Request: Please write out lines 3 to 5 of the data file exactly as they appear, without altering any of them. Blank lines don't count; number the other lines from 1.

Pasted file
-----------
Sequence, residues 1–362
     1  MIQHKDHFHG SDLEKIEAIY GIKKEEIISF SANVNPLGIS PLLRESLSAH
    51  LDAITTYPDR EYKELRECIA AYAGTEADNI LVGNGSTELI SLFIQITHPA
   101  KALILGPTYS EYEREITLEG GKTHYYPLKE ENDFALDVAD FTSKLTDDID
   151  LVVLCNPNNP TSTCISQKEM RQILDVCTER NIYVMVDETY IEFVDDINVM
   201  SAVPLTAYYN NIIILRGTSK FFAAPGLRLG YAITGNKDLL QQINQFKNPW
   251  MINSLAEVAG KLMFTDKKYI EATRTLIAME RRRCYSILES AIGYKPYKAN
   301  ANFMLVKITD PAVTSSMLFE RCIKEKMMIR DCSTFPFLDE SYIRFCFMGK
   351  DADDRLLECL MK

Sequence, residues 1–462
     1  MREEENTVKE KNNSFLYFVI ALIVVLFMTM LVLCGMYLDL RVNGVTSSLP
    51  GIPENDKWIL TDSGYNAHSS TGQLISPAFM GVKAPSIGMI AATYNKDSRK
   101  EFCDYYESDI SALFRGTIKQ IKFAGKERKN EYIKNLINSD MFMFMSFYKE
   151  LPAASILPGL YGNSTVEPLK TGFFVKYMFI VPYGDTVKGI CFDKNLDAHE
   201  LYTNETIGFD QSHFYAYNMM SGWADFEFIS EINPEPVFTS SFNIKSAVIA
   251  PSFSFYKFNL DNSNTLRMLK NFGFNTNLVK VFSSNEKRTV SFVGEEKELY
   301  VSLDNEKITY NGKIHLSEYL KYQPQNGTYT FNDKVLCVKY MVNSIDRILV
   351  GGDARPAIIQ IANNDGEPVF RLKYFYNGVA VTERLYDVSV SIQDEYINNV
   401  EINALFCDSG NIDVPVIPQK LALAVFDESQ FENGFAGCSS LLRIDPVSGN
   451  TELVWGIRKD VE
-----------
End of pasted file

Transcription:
    51  LDAITTYPDR EYKELRECIA AYAGTEADNI LVGNGSTELI SLFIQITHPA
   101  KALILGPTYS EYEREITLEG GKTHYYPLKE ENDFALDVAD FTSKLTDDID
   151  LVVLCNPNNP TSTCISQKEM RQILDVCTER NIYVMVDETY IEFVDDINVM